The key element to make this kind of integration is the gateway, a portal between an application/service subnet and the access network to which users are connected.  Gateways are also explicitly required for federated services, and they are inherently multi-tenant so you need to think about what deploying a gateway means in NFV.  Every service doesn’t get their own, but how do you know whether there is one, and if so where it is?  The essential presumption so far is that gateways in IP networks are simply BGP transitions that are opaque to services, but that may not be true, and we need to think about how NFV would, for example, change BGP lists.

Management is the next issue.  I’ve said many times before that NFV’s VNF management process is broken, and the introduction of applications/components as VNFs would only exacerbate current issues.  In a nutshell, the problem is that adapting a virtual function for management is almost certainly a one-off task.  I’ve recommended that the approach be changed to create a standard VNFM API with “plugins” that would adapt that standard API to the requirements of a given VNF.  This would be workable for application components, but it would be more difficult.

Most VNFs, as representations of former network devices, would likely have very few (usually only one) management interface.  Applications often not only have multiple management interfaces, but have in-line (meaning from their data flow) mechanisms and even back-end processes.  Can you “add a user” to an application by making a network connection and not changing the application’s own access control database?

This problem is totally solvable, and with the same approach to a management plug-in.  If we assumed that all configuration data, parameterization, and management variables were collected in a repository (like the now-expired) i2aex proposal within the IETF mandated, and if we further assumed a set of management agents that queried this repository (or updated it), and linked to a stub that accessed the management interface of the component, you could deploy and redeploy applications.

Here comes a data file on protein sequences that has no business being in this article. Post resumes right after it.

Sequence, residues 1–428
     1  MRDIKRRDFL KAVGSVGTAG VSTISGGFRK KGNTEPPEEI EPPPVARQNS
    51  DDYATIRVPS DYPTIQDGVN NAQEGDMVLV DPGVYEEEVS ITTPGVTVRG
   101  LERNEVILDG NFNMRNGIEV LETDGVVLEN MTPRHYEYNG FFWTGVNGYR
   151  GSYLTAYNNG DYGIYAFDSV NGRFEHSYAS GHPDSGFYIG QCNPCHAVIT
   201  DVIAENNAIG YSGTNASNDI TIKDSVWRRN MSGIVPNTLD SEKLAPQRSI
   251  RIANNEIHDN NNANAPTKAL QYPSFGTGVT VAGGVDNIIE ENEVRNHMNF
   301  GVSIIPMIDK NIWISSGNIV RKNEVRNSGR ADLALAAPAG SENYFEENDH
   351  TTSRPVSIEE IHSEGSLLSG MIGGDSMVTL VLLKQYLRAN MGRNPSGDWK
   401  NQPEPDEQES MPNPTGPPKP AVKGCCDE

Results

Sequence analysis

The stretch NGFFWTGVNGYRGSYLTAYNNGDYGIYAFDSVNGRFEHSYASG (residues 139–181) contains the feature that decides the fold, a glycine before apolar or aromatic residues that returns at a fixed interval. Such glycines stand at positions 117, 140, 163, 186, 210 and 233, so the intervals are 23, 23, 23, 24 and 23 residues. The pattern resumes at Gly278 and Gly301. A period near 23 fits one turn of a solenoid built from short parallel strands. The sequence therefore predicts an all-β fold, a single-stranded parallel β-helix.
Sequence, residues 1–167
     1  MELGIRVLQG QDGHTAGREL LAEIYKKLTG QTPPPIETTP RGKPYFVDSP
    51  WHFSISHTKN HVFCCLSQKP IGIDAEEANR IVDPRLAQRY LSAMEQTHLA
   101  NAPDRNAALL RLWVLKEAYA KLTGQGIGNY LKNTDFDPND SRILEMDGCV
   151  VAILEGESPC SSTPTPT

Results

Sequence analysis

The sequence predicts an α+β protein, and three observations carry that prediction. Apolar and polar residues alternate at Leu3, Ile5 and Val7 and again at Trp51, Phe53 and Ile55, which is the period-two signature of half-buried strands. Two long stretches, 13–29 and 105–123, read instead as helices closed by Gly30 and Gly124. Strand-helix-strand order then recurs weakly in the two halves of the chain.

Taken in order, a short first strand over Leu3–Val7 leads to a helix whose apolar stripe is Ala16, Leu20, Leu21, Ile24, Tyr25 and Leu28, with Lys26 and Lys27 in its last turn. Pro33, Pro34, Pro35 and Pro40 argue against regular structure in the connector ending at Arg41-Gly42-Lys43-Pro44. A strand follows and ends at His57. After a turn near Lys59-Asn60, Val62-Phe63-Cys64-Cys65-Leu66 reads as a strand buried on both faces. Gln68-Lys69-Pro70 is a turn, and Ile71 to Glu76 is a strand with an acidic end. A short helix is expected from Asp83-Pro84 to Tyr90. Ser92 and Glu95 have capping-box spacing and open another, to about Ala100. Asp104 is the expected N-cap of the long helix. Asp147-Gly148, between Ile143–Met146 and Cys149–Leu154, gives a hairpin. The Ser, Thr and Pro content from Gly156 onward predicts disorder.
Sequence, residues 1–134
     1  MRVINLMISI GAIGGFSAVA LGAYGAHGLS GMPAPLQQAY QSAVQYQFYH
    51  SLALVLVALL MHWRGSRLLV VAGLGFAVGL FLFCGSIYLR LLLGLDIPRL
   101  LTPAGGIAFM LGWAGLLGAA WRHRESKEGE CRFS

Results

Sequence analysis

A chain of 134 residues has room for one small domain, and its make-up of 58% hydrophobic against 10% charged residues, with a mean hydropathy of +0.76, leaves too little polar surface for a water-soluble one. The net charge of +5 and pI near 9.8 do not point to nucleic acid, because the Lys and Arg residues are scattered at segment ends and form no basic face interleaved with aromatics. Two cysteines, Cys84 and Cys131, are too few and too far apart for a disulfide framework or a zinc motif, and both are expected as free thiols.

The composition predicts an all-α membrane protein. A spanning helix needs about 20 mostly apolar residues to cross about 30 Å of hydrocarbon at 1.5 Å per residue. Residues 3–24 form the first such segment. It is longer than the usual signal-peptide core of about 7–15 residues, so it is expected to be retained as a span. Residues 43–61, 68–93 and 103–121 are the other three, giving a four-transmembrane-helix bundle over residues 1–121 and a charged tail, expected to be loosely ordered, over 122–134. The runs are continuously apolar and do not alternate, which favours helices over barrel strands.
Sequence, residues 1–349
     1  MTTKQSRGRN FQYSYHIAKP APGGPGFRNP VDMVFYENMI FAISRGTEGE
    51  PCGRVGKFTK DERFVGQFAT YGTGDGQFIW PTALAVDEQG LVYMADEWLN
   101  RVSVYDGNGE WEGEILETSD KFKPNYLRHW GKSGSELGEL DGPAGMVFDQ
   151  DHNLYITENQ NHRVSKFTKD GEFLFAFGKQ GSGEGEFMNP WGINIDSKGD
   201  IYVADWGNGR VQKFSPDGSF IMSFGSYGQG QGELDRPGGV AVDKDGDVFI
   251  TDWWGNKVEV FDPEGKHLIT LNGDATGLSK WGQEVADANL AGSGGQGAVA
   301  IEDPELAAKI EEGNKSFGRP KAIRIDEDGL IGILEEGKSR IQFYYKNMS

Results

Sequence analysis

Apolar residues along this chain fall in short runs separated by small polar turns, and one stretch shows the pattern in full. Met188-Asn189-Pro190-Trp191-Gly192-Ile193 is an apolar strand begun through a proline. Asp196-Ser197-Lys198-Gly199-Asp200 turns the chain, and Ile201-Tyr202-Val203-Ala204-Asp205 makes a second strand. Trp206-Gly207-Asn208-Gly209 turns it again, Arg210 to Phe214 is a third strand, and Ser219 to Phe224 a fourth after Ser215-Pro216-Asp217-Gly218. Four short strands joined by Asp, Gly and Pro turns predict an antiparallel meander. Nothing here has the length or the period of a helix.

Perhaps the biggest question is whether any or all of this should really be “done in NFV”.  Remember that we have the cloud and DevOps tools already, widely adopted for this mission.  Should we be thinking about building a specific relationship between cloud DevOps and NFV “servops?”  Probably.  The most attractive way to integrate applications and virtual functions could well be in orchestration, and TOSCA can orchestrate cloud deployment (that’s what it was designed for, after all).  That wouldn’t totally resolve the possibility of resource collision between application and virtual function deployment, nor would it totally resolve management coordination, but it’s a first step, and likely a very important one.

Application integration with NFV opens a lot of issues, and the Metaswitch example illustrates that the cloud issues raised aren’t unique to cloud computing.  Many VNFs, including IMS/EPC and CDNs, are multi-tenant and look more like cloud/subnet applications.  Addressing these issues in NFV, or addressing application integration, could broaden NFV’s scope and make it more valuable in the early services that will drive carrier cloud.